State senator Jen Jordan, a Democrat from outside Atlanta, called the bill “a Christmas tree of goodies for voter suppression.”

Stacey Abrams, the original fount of much of the misinformation about voting in Georgia, explained the alleged Republican approach: “Instead of winning new voters, you rig the system against their participation, and you steal the right to vote.”

And then, at Atlanta University in January, Biden came in with his disgraceful speech condemning the Georgia law. “Every Democrat, independent, and Republican will have to declare where they stand,” he said, adding, “History has never been kind to those who side with voter suppression over voting rights.”

“Do you want to be on the side of Dr. King or George Wallace?” he asked. “The side of John Lewis or Bull Connor? The side of Abraham Lincoln or Jefferson Davis?”

Well, It’s Election Season in Georgia and Bull Connor and Jeff Davis Haven’t Shown Up

The journalistic reaction has been, shall we say, muted. Despite its dire previous coverage, the New York Times didn’t see fit to mention the false warnings about the Georgia law in its report on the early vote.

The AP had run a story in which Georgia featured prominently, headlined “As America embraces early voting, GOP hurries to restrict it.” But a report on what’s happened so far in the primaries notes, without mentioning the erroneous prior warnings, that Georgia voters “are turning to early, in-person voting, which is setting records. About 305,000 ballots have been cast at early voting locations across the state, or three times as many who did so for the same period during the 2018 primary, according to state officials.”

To its credit, the Washington Post didn’t memory-hole the long freak-out about Georgia, running a story headlined “Voting is surging in Georgia despite controversial new election law.” A better headline would have been “Voting is surging in Georgia despite allegations about new election law.”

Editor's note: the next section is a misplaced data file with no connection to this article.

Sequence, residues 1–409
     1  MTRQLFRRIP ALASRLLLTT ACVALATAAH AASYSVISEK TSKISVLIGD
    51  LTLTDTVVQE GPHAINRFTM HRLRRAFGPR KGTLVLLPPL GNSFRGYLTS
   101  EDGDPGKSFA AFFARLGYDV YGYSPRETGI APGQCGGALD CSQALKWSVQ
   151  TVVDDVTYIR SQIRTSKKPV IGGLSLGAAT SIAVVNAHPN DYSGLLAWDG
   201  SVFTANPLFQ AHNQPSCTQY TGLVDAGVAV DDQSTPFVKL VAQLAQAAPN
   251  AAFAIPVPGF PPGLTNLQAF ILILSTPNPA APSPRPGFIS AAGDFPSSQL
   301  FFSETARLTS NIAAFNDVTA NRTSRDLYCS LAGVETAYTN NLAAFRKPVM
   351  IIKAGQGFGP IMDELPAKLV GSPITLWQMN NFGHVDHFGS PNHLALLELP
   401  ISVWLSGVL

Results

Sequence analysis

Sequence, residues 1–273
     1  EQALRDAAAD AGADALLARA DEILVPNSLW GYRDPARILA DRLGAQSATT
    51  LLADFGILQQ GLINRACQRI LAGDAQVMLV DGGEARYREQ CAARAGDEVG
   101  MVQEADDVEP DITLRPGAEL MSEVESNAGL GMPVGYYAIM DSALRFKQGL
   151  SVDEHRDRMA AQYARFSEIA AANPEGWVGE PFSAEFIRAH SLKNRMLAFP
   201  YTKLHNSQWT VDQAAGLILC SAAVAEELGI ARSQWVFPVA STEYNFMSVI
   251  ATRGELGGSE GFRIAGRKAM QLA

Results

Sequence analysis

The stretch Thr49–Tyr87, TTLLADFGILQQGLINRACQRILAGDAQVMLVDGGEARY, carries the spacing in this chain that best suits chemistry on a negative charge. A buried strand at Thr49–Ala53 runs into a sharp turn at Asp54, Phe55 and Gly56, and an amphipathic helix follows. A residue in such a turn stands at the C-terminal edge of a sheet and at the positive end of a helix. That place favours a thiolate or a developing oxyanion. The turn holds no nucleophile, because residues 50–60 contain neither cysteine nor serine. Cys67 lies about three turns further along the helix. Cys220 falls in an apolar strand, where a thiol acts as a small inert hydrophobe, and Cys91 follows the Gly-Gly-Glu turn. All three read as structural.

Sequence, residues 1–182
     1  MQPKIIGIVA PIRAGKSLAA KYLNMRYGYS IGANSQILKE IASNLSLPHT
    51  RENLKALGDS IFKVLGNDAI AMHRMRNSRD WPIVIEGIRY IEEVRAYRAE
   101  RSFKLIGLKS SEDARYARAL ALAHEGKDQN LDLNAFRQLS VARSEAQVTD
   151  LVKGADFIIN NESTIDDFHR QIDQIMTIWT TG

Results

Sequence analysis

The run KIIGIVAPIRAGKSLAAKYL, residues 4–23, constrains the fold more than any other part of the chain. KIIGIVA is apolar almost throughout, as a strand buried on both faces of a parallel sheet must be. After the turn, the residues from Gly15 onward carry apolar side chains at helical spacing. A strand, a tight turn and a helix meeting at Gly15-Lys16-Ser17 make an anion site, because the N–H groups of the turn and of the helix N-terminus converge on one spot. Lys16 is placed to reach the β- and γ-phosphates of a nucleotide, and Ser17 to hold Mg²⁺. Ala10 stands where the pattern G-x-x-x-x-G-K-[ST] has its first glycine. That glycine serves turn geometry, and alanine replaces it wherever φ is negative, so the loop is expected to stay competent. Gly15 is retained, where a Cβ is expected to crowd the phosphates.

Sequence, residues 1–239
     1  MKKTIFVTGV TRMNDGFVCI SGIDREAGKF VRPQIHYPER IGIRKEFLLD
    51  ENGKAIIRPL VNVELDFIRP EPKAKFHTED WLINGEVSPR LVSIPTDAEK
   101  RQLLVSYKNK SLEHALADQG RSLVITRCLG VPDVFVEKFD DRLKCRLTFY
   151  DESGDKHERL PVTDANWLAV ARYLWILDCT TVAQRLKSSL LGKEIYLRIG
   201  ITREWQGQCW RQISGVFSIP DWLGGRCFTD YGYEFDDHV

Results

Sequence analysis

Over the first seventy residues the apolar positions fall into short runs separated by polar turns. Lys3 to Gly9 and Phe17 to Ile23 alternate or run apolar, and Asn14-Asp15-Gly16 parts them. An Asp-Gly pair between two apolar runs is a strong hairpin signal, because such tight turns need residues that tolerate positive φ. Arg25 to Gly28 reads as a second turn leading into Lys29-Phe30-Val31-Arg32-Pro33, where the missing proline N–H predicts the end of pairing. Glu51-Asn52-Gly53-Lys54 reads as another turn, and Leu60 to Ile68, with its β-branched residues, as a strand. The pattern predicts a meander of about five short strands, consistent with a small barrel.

A thread throughout the Post story chronicles how Democratic activists have changed their strategies in reaction to the law. But if you can defeat alleged voter suppression with ease by registering people and getting them out to vote in massive numbers, it’s a good sign that there wasn’t any voter suppression to begin with.

The Post report ends with an anecdote about Patsy Reid, a 70-year-old, African-American retiree who was surprised that she could vote early with absolutely no issue. “I had heard that they were going to try to deter us in any way possible because of the fact that we didn’t go Republican on the last election, when Trump didn’t win,” she told the Post. “To go in there and vote as easily as I did and to be treated with the respect that I knew I deserved as an American citizen — I was really thrown back.”

That’s the voice of someone who had been lied to — repeatedly and at great volume. Jamelle Bouie ended his Jim Crow column by saying, “Put a little differently, the thing about Jim Crow is that it wasn’t ‘Jim Crow’ until, one day, it was.”

In this case, it’s a different dynamic: The Georgia voting law was supposedly Jim Crow until it wasn’t — and then no one cared.

Article content courtesy of Rich Lowry at the National Review on May 23, 2022.